GS: Yes. The ways we are experiencing the world right now are making their way into the stories we are sharing, and that’s really cool. Sharing information and experiences is a big part of the world we live in, which is now coming to integrate different media together. Room just started a podcast, and I would love to see more opportunities for both discussion of lit mags and accessibility to lit mag stories. We have e-books and audiobooks, why not other forms of lit mags? That would definitely be a future I’d like to see.

JJ: I really want to see some more experimental and genre-bending work. I want to see writing that talks to other art forms, whether it’s performance art or music. Writing can get really cool and exciting and I think we’re taught that certain styles are what get published, so people stick to them, but I’d like to see that shift.

KW: Room’s Short Form Contest reopened again this month, and genre-ambiguous works are accepted and encouraged! Okay, end of Room promotion. Working as a younger writer and/or editor, do you ever feel like you’re not taken seriously because of your age or what’s perceived to be your age?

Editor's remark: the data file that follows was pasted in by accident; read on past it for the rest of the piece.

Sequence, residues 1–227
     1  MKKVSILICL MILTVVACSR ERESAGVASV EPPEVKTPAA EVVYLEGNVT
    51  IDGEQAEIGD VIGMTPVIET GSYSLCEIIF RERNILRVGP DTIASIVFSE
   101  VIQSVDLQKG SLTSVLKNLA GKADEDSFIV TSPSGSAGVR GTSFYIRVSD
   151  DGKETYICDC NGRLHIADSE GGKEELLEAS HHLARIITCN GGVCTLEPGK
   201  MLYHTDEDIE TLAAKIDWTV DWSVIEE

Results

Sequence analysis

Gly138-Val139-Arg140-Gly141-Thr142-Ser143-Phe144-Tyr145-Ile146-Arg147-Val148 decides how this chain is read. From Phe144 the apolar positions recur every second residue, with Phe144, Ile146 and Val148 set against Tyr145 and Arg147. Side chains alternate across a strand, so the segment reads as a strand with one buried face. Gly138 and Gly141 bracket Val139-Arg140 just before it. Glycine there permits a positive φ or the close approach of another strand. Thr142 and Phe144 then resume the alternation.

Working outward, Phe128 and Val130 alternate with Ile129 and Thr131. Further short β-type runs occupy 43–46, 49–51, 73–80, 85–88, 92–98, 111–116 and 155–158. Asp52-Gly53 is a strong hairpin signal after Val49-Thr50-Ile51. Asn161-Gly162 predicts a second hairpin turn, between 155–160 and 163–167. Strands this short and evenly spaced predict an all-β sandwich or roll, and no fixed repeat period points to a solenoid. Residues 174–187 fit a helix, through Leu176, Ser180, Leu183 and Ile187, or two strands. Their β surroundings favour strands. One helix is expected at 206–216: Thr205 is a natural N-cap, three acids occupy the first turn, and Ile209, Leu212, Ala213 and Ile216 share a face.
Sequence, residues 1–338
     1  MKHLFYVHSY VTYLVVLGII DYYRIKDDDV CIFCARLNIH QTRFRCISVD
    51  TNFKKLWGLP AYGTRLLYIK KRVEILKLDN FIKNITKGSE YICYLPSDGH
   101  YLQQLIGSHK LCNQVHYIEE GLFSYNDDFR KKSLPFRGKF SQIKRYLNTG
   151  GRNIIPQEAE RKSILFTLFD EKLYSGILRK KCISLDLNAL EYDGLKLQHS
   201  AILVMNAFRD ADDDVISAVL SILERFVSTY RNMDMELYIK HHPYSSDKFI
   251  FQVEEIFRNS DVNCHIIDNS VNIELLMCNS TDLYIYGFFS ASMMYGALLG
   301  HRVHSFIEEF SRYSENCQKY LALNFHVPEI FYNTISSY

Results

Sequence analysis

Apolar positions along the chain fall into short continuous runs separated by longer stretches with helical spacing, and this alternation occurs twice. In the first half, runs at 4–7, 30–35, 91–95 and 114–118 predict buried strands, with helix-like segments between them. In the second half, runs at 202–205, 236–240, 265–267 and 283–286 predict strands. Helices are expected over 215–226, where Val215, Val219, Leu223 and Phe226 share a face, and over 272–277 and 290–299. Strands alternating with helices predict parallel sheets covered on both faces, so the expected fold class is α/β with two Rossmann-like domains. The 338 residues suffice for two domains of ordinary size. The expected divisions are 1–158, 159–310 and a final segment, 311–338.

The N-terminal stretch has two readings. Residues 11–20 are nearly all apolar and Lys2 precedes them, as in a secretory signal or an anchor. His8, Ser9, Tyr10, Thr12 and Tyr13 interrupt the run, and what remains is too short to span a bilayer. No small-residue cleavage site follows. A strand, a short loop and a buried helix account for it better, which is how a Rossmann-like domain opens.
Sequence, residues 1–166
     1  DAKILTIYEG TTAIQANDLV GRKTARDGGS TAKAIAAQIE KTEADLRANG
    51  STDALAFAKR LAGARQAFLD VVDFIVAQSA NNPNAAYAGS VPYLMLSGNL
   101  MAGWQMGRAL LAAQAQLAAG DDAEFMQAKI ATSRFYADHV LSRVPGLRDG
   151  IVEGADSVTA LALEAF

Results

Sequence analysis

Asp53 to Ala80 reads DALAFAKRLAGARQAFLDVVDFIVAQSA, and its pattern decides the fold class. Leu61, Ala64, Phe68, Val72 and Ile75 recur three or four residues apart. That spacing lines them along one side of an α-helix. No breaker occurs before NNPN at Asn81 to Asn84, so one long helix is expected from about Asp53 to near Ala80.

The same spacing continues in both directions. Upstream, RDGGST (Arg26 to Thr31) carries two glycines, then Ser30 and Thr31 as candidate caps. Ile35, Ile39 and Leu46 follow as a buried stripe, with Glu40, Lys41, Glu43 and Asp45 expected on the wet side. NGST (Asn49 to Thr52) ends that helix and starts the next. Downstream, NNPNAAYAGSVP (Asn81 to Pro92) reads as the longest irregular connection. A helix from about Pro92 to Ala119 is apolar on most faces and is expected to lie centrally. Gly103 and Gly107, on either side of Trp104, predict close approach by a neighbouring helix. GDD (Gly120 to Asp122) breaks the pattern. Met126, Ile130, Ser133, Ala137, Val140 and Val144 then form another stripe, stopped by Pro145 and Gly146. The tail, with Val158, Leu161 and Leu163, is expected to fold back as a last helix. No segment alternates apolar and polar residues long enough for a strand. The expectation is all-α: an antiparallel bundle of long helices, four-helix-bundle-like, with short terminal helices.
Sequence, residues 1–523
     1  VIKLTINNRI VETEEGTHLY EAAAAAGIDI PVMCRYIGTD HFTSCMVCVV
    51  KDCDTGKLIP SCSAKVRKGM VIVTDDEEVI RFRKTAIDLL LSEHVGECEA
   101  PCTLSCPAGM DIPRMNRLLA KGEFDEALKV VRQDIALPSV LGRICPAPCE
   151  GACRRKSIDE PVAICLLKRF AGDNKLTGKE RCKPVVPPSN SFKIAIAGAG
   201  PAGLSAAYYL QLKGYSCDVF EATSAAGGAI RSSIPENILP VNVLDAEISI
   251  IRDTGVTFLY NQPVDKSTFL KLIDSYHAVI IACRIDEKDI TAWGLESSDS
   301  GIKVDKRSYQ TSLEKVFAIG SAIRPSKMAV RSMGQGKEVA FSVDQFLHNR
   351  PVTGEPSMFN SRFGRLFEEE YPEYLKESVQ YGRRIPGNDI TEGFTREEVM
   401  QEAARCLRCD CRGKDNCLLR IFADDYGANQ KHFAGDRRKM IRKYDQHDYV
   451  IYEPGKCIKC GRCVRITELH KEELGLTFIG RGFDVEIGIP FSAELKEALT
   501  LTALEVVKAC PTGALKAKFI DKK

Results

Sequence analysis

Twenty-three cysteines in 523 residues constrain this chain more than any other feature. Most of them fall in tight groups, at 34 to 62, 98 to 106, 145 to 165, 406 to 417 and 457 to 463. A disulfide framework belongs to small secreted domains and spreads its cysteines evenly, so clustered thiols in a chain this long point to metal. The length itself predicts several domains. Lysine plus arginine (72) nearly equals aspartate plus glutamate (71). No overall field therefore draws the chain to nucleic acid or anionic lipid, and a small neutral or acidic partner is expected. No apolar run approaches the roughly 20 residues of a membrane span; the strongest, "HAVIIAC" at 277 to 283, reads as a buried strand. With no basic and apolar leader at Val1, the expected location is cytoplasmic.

JJ: Yes. I feel this in other areas of my life as well, and it can be frustrating.

KW: It definitely happens in more than one aspect of our lives, and it’s frustrating especially when you’re trying to get your professional life together. However, working at Room and corresponding with our contributors, that kind of condescending and disrespectful experiences has actually been minimal.

GS: I agree with both of you. It is definitely frustrating and I do feel it often in many places in my life. We are all working hard to develop our experience and world every day. Regarding age and experience, how do you feel about the idea of being a gatekeeper while reading submissions as an editor?

JJ: I think it’s important to have people of varying ages and “experiences” in these roles, as we’re (hopefully) then responding to the submissions in a different, more rounded way.

KW: I experience a lot of self-doubt and uneasiness when I’m editing, because literary magazines are often the first publication for many emerging writers—and that’s a whole load of responsibility (and power). So I can really appreciate that Room employs a rotating editorial structure, so no singular voice or taste steers the magazine.